For the past nine years, I’ve watched my neighbor mount his riding lawn mower and cut his lawn. As nearly as I can tell, the mowing deck is set as low as it can possibly go; it’s clear that this is not an activity he particularly enjoys and operates under the mantra of “shorter means less often.”

The offshoot of my neighbor’s cutting strategy is that he has the first lawn to turn brown once a couple weeks of dry weather arrive during mid-summer, weed encroachment is horrific, and his once pure stand of Kentucky bluegrass has now degraded to a hodgepodge of opportunistic grass and broadleaf species that merely cover his soil. The contrast of his lawn to those around it is striking.

Let’s move it up a notch to a hayfield. Savvy hay producers who grow both pure alfalfa stands and alfalfa-grass mixtures know that they can’t cut the latter as short as the former, at least if they want to maintain grass in their mixed hay. In a similar manner, graziers know that repeated overgrazing events that take lush pastures down to putting-green height are a recipe for permanent damage to the stand. The negative impacts are accelerated with drought.

Grasses, in general, are less tolerant of ultra-low cutting heights than legume species such as alfalfa. Even Kentucky bluegrass, which exhibits about the most tolerance to short defoliation, has its limits. From a hayfield perspective, it’s probably safe to say that the introduction of disc-type mowers has made it easier to cut grass stands out of existence because harvest heights can be and are set too low.

Although there is variability to cutting-height tolerance between grass species, regrowth is typically generated from reserve carbohydrates stored in the lower stem base. If routinely removed, this will impede both stand regrowth and longevity. Also, leaving some photosynthetic plant tissue aids in more rapid recovery. For grasses, rapid growth following a first cutting is especially important to gain as much yield as possible for the second cut before dry, hot weather sends plants into semi-dormancy during summer.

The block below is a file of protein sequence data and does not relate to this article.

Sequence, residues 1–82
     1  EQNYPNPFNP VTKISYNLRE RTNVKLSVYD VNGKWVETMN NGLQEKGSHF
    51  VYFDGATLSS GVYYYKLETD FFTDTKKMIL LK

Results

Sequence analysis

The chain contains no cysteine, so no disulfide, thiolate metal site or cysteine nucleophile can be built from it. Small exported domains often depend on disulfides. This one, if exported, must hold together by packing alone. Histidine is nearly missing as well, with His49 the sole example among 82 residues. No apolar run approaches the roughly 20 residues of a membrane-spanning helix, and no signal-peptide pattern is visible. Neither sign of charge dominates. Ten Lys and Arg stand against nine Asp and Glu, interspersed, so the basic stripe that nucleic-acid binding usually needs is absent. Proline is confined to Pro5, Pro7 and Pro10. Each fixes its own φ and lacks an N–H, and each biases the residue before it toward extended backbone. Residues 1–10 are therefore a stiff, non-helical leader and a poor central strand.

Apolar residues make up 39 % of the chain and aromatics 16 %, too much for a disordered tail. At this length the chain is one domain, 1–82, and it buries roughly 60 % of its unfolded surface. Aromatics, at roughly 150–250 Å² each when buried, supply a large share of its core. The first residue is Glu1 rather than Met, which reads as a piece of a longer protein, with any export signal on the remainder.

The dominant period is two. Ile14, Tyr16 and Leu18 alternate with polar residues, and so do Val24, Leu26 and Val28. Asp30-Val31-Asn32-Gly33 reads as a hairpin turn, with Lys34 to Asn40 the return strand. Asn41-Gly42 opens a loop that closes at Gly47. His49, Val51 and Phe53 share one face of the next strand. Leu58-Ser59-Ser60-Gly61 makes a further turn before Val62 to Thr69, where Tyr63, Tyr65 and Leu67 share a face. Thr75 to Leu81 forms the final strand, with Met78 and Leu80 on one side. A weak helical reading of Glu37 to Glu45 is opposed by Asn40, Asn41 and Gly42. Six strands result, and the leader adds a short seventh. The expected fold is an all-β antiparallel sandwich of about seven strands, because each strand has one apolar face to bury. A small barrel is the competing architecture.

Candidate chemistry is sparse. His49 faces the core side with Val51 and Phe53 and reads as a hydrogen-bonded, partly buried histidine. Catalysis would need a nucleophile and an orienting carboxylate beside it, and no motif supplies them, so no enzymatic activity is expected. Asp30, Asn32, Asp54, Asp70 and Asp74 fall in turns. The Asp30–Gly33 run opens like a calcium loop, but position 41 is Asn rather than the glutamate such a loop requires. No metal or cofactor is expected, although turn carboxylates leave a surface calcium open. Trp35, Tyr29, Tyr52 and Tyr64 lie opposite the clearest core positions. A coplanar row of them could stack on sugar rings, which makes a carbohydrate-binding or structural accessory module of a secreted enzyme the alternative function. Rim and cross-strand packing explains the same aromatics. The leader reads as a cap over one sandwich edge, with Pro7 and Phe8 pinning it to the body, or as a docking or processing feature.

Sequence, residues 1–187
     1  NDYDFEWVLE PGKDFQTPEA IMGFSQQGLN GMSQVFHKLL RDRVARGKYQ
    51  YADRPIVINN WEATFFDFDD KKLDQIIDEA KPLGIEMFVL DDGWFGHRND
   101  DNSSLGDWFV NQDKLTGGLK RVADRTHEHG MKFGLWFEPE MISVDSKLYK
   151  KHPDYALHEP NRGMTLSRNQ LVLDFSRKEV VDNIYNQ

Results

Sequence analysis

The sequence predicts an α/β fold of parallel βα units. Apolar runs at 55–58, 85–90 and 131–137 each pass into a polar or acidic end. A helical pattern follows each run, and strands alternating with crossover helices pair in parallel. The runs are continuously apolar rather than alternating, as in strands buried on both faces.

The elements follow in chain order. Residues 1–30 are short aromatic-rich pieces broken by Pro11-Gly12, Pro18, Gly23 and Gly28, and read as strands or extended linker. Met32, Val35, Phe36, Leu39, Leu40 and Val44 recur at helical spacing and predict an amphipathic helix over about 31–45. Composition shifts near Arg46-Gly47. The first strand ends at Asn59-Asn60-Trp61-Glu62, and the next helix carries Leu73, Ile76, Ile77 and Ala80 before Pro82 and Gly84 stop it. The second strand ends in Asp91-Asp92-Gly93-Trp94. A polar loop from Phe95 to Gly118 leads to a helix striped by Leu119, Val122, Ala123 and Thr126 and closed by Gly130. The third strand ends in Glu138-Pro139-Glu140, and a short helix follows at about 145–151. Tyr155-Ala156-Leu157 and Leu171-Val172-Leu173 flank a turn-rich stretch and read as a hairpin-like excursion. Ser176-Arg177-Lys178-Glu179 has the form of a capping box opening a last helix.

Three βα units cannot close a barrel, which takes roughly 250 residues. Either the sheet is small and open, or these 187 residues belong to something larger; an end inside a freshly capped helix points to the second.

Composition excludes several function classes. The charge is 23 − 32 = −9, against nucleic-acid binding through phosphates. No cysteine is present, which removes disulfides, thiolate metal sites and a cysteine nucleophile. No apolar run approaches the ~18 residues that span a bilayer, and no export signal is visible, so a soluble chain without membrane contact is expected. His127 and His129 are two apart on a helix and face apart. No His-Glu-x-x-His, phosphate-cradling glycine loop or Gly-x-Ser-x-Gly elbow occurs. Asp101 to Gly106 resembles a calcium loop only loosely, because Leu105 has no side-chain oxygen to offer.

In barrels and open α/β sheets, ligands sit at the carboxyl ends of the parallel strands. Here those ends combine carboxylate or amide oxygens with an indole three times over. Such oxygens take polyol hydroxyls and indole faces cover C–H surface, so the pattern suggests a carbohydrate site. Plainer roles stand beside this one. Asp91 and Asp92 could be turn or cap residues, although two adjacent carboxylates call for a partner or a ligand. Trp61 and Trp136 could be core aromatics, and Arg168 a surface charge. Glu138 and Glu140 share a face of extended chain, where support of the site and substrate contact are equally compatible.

For most cool-season grasses such as orchardgrass or tall fescue, cutting heights need to be set at 3 to 4 inches, with the latter being preferred. Cut warm-season grasses such as sorghum-sudangrass or native species at 6 to 8 inches.

There are really few downsides to a higher grass cutting height. More low-quality stem is left in the field, regrowth is hastened, stand health and long-term productivity are preserved, and the risk of forage soil contamination is reduced.

So, if you’re looking to kill your grass stand, simply cut it too short a few times. If you don’t believe me, I can put you in touch with my neighbor, although he still hasn’t figured it out.